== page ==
United States District Court, D. Utah
MEMORANDUM DECISION AND ORDER DENYING IN PART AND
GRANTING IN PART THE UTA'S MOTION TO DISMISS
N. PARRISH UNITED STATES DISTRICT COURT JUDGE.
Hampton sued his former employer, the Utah Transit Authority
(UTA), for age discrimination and other claims after he was
laid off. Before the court is the UTA's motion to dismiss
Mr. Hampton's action. [Docket 5]. The UTA argues that the
court lacks subject matter jurisdiction to address Mr.
Hampton's first age discrimination claim under the Age
Discrimination in Employment Act (ADEA) because he failed to
exhaust his administrative remedies before filing suit. It
also argues that the court should dismiss his second age
discrimination claim under 49 U.S.C. § 5332(b) and 42
U.S.C. 2000d because those statutes do not create a private
right of action for age discrimination. Finally, the UTA
argues that the court should dismiss the state-law breach of
contract cause of action for failure to state a claim because
Mr. Hampton did not allege the elements of a valid contract.
court DENIES the motion to the extent that it requests
dismissal of the ADEA age discrimination claim. The court
GRANTS the motion to the extent that it requests dismissal of
the age discrimination claim under 49 U.S.C. § 5332(b)
and 42 U.S.C. 2000d. The court further GRANTS the motion to
the extent that it requests dismissal of the breach of
Hampton worked for the UTA as an auditor. On September 16,
2015, the UTA informed Mr. Hampton that it intended to
terminate his position. In a meeting with his boss and a
human resources employee, Mr. Hampton was promised that he
would receive a lifetime UTA ride pass. He was also promised
that his unused sick time would be converted to a Health
Reimbursement Account (HRA).
forwarded a severance agreement to Mr. Hampton, but he
decided not to sign it. After Mr. Hampton declined to sign
the agreement, the UTA refused to give him a lifetime pass or
convert his unused sick time to an HRA.
180 days of being laid off, Mr. Hampton submitted an intake
form to the Utah Antidiscrimination and Labor Division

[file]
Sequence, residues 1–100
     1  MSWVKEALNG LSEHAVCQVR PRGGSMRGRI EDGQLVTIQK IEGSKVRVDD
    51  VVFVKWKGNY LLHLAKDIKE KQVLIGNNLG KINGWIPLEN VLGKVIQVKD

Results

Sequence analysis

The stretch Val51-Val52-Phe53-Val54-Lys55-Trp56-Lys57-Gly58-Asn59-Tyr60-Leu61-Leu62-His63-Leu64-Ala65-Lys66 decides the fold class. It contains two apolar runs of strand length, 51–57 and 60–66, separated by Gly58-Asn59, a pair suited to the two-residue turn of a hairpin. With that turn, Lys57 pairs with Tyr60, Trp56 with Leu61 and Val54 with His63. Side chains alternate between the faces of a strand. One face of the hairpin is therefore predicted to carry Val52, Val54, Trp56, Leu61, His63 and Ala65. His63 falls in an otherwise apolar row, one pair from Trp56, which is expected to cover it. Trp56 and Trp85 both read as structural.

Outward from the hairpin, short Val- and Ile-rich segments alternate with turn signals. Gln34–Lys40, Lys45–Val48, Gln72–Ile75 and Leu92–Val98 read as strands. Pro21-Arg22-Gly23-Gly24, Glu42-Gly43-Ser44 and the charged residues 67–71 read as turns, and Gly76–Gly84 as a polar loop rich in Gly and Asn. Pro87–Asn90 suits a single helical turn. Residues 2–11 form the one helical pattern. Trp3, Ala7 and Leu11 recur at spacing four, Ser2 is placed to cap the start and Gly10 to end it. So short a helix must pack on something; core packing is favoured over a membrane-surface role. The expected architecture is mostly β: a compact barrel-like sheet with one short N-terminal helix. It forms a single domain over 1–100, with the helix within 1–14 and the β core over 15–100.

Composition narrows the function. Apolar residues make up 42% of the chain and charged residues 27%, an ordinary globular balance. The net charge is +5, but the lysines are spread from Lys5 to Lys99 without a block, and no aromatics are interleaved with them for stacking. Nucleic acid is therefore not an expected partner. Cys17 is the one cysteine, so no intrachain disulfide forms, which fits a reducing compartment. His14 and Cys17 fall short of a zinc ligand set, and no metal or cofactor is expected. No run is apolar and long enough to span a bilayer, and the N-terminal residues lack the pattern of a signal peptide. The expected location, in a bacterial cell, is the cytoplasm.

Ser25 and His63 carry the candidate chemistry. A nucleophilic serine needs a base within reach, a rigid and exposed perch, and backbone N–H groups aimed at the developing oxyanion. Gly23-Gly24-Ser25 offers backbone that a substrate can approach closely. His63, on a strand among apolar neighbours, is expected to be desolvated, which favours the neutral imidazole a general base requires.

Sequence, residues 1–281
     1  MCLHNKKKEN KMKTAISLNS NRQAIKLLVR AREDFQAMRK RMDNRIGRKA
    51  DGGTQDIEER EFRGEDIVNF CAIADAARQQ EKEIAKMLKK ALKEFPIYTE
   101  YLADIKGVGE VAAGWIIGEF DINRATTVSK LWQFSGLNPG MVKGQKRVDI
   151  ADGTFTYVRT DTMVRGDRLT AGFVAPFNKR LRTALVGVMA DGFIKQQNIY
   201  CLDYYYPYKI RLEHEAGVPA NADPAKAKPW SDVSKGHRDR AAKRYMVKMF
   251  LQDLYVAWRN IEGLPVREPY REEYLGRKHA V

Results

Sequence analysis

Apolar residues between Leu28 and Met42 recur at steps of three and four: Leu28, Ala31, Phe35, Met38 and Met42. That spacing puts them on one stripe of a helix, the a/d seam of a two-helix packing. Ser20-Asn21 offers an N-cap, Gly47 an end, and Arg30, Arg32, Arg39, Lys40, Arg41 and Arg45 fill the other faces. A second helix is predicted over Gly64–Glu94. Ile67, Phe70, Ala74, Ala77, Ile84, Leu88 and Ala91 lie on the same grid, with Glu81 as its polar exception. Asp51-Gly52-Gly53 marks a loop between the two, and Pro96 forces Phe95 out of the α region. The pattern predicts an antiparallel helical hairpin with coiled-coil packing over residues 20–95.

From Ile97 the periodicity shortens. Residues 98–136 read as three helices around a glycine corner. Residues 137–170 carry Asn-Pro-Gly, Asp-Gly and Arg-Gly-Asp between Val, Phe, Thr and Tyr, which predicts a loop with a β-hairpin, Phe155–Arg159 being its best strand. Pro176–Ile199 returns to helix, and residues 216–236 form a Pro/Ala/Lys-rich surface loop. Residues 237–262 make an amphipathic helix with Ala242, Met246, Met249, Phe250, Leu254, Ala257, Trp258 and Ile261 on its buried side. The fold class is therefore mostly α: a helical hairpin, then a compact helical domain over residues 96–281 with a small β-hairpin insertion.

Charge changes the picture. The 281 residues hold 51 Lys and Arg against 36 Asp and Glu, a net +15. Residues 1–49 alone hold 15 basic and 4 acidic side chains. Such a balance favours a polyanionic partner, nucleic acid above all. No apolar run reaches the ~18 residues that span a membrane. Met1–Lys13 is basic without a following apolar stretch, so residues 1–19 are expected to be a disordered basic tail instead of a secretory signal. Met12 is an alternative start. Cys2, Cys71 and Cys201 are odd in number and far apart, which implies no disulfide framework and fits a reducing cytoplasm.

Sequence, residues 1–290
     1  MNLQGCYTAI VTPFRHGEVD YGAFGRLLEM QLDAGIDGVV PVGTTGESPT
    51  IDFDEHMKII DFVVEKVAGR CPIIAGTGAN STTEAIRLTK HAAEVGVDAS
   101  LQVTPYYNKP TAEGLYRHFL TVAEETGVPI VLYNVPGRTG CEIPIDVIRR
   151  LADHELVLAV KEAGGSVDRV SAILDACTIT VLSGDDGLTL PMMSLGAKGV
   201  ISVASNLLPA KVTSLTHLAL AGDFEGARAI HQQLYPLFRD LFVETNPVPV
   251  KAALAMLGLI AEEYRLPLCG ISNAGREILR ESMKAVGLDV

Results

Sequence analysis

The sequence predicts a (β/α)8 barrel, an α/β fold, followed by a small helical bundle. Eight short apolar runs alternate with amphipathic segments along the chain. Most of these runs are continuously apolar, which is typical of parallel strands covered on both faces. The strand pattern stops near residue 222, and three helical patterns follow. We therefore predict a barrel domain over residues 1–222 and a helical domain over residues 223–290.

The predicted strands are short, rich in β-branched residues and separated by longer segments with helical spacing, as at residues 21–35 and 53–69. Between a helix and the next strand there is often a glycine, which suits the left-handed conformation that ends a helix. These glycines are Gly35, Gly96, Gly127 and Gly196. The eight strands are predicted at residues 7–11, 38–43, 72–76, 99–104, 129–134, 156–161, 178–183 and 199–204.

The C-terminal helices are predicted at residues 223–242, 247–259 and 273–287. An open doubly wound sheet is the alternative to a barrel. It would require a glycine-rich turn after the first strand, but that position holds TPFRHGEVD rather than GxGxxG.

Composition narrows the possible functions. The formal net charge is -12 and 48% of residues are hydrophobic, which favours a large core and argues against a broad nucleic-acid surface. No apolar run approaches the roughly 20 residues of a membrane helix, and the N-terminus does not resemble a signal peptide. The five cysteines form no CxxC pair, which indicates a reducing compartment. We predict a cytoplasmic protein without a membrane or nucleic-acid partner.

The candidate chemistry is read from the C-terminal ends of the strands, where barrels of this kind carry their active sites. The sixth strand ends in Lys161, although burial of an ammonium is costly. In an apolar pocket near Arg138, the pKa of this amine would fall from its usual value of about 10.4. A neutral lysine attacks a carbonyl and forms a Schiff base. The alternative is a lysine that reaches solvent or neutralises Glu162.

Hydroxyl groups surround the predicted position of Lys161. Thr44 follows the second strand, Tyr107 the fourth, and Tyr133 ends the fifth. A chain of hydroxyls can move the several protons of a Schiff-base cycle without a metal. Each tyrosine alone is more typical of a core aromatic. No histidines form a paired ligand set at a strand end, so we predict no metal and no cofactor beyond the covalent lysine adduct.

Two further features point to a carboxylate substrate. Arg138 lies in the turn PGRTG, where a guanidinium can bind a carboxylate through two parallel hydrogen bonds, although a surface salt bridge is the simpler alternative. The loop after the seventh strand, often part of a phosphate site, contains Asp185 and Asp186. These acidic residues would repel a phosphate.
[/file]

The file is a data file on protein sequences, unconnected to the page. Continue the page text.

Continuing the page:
(UALD). The intake form asserted claims of age discrimination
and requested that the agency take action. Notwithstanding
the timely filing, the UALD did not create a charge or
forward the matter to the U.S. Equal Employment Opportunity
Hampton subsequently filed a lawsuit against the UTA in this
court. The complaint alleges three causes of action: (1) age
discrimination under the ADEA, (2) age discrimination under
49 U.S.C. 5332(b) and 42 U.S.C. 2000d et seq., and (3) breach
of contract. The UTA moved to dismiss all claims under either
Rule 12(b)(1) of the Federal Rules of Civil Procedure for
lack of subject matter jurisdiction or Rule 12(b)(6) for
failing to state a claim upon which relief can be granted.
THE ADEA CLAIM
first argues that the court should dismiss the ADEA claim for
lack of subject matter jurisdiction under Rule 12(b)(1) of
the Federal Rules of Civil Procedure. The UTA asserts that
the court lacks jurisdiction because Mr. Hampton did not file
a charge with the appropriate state agency within 300 days
after the alleged unlawful practice occurred as required by
29 U.S.C. § 626(d)(1)(B). The UTA also contends in its
reply brief that the court lacks jurisdiction because Mr.
Hampton did not allege that it filed this lawsuit within 90
days after the proceedings before the EEOC were terminated.
See Id. § 626(e).
motion to dismiss for lack of jurisdiction under Rule
12(b)(1) may take one of two forms. A party may make a facial
challenge to the allegations contained in the plaintiff's
complaint, or a party may mount a factual challenge by
asserting that the underlying facts of the case do not
support the jurisdiction of the court. United Tribe of
Shawnee Indians v. United States, 253 F.3d 543, 547
(10th Cir. 2001). “In addressing a factual attack, the
court . . . ‘has wide discretion to allow affidavits,
other documents, and a limited evidentiary hearing to resolve
disputed jurisdictional facts under Rule
12(b)(1).'” Id. (citation omitted).
mounts a factual challenge to jurisdiction. Pursuant to this
factual challenge, both the UTA and Mr. Hampton have
submitted documents related to the administrative proceedings
below. These documents establish that Mr. Hampton was laid
off on September 18, 2015. He initially accepted the
severance agreement the UTA had offered him, but on October
15, 2015, he signed a letter in which he rescinded this
acceptance. He later retained a law firm to handle an age
discrimination claim against the UTA. On March 11, 2016, an
employee of that firm emailed a completed intake form to the
UALD. The form outlined the allegations of Mr.
age discrimination claim and listed the relief that he
sought. The first line of the form, which was created by the
UALD, contained the following notice:
THIS FORM DOES NOT REPRESENT A CHARGE OF
DISCRIMINATION WITH THE DIVISION.
In order to file a Charge with the Division, you must
complete and return this form. The Division will use the
information in this Intake Form to draft a separate Charge
which will be mailed to you. You will then need to sign the
Charge and have it notarized. The Division can formally